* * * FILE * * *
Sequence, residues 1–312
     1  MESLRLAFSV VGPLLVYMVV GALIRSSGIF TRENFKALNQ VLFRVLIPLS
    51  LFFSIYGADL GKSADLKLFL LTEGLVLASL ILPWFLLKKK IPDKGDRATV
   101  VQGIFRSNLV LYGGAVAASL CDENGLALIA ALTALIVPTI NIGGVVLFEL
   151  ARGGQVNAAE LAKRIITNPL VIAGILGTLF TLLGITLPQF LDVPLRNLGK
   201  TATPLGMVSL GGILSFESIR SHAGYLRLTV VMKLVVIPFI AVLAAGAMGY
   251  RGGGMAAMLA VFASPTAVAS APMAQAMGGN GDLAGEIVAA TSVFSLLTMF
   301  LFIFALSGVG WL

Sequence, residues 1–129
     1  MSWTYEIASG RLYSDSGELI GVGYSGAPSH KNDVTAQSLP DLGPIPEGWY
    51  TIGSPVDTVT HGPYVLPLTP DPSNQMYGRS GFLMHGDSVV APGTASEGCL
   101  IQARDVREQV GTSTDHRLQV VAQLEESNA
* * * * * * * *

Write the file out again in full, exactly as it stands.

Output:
Sequence, residues 1–312
     1  MESLRLAFSV VGPLLVYMVV GALIRSSGIF TRENFKALNQ VLFRVLIPLS
    51  LFFSIYGADL GKSADLKLFL LTEGLVLASL ILPWFLLKKK IPDKGDRATV
   101  VQGIFRSNLV LYGGAVAASL CDENGLALIA ALTALIVPTI NIGGVVLFEL
   151  ARGGQVNAAE LAKRIITNPL VIAGILGTLF TLLGITLPQF LDVPLRNLGK
   201  TATPLGMVSL GGILSFESIR SHAGYLRLTV VMKLVVIPFI AVLAAGAMGY
   251  RGGGMAAMLA VFASPTAVAS APMAQAMGGN GDLAGEIVAA TSVFSLLTMF
   301  LFIFALSGVG WL

Sequence, residues 1–129
     1  MSWTYEIASG RLYSDSGELI GVGYSGAPSH KNDVTAQSLP DLGPIPEGWY
    51  TIGSPVDTVT HGPYVLPLTP DPSNQMYGRS GFLMHGDSVV APGTASEGCL
   101  IQARDVREQV GTSTDHRLQV VAQLEESNA